A Simple Brain Hack to keep your New Year's Resolution

New Year, new YOU? Or maybe you just want a semi new you? Either way, the new year feels like a fresh start and a time where we’re at our most motivated to do that thing we've been talking about all year long... whatever it is.  Eat healthier. Workout. Save money.  

In fact, 45% of us have made a New Year’s resolution. But, the odds are that you'll have forgotten all about it by Valentine's Day. According to a study published in the Journal of Clinical Psychology, of the 45% of people that make a new year’s resolution, 25% will give up after the first week. By January 20, 80% will have quit.  In fact, statistics show that only 8% of the people who set New Year's resolutions actually keep them until summer and beyond into a lifestyle change.

 Whether your goal is to eat healthier, exercise more, or spend less, those in the 8% have tapped into something that fuels their success: willpower.

Having strong willpower is not something we’re born with. But it is a muscle that we can train and develop in such a way that brings us long-lasting effects. We’ve been studying willpower for a long time. In a well-known 1960s psychology experiment called the “marshmallow experiment,” Stanford professor Walter Mischel offered four-year-olds the choice between one marshmallow or two — they could receive one instantly, or two if they agreed to wait 15 minutes. In over 600 children who took part in the experiment, a minority ate the marshmallow immediately. Of those who attempted to delay, only one third waited long enough to get the second marshmallow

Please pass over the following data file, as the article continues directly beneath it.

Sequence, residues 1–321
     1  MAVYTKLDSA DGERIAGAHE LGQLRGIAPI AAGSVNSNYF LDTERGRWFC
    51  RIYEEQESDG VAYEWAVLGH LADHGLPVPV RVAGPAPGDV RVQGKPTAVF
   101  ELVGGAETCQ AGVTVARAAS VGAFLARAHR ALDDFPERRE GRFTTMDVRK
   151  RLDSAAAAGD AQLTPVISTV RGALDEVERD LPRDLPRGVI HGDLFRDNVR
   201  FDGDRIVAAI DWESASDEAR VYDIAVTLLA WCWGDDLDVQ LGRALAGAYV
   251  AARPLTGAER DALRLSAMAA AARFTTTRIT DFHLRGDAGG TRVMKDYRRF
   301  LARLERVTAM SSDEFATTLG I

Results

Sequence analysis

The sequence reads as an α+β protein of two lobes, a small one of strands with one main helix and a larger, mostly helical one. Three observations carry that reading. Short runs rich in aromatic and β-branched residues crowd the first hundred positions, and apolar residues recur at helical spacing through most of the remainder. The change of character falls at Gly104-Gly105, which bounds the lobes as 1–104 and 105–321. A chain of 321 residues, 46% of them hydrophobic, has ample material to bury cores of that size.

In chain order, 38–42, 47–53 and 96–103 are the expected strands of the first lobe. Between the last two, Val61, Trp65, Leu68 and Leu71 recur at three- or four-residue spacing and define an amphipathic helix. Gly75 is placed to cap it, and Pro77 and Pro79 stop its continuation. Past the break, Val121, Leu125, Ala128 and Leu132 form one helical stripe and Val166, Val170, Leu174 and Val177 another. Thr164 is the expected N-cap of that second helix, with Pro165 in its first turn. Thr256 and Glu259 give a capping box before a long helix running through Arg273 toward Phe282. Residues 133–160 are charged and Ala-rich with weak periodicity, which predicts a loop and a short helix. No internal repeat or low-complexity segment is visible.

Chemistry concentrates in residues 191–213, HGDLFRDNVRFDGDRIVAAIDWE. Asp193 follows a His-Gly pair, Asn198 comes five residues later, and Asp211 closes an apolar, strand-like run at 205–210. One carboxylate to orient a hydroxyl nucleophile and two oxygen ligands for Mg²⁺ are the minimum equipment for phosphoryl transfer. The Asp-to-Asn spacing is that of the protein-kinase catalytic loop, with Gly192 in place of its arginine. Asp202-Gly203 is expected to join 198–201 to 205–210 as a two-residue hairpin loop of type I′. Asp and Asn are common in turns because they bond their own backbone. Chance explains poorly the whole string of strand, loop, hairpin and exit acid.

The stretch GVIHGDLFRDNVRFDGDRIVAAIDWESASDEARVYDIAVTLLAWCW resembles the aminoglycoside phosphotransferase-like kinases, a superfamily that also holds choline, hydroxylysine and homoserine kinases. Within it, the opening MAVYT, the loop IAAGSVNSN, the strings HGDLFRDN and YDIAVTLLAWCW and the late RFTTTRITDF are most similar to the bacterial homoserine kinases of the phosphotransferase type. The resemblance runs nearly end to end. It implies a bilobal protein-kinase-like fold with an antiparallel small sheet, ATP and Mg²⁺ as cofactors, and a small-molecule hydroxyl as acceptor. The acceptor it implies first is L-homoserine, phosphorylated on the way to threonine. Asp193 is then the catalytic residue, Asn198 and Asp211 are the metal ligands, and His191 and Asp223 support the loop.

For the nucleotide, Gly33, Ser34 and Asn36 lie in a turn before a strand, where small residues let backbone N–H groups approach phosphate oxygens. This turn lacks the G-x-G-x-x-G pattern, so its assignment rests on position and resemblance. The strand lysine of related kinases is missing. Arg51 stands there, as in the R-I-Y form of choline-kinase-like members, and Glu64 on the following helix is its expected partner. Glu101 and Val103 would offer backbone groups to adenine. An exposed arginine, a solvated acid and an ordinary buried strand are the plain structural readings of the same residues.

Mischel and fellow researchers then tracked the performance of these children into adulthood, finding that the kids who had the willpower to resist the instant gratification in general were happier, had better health, achieved greater academic successes, and lower rates of divorce. Amazingly, the differences in their levels of willpower stuck with them for over 40 years.

Since Mischel’s landmark study, scientists have continued to explore the brain activity of willpower and their findings are fascinating. Willpower lives in the prefrontal cortex – remember this is the region right behind the forehead that handles all the higher order thinking processes such as planning, making choices, and solving problems. In recent studies, MRIs show that when people are presented with tempting stimuli, those with higher self-control have greater activity in the prefrontal cortex, and when the prefrontal cortex is engaged, you’re doing your best thinking.

Here is another interesting finding: willpower is a depletable resource.  We tend to have more of it in the morning when we’re well-rested and the brain is fueled with glucose.  As the day wears on and glucose levels decrease, so does our willpower. Consciously identifying your goals in the morning and doing one thing that puts you a step closer to meeting them is one simple strategy to help you achieve greater success.

Just like your muscles have to be trained in order to grow stronger, so does your willpower. Each day is a new opportunity to strengthen your brain.  This year, think of January 1st as the first blank page in a 365 page book.

Write well, edit often.

Did you know...

The tradition of setting a New Year's resolution has a pretty interesting history dating back 153 B.C. The Romans began each year by making promises to the god Janus for whom the month of January is named.  Janus is always depicted with two faces, one on the front of his head and one on the back, so that he could reflect back on the past and look forward to the future at the same time. 


Want to learn more about how the brain works and how you can make it work better for you? Check out my new book, Happier Hour with Einstein and the full-color companion Gratitude Journal. And remember, life is better when you share the good stuff. 

Book covers order now

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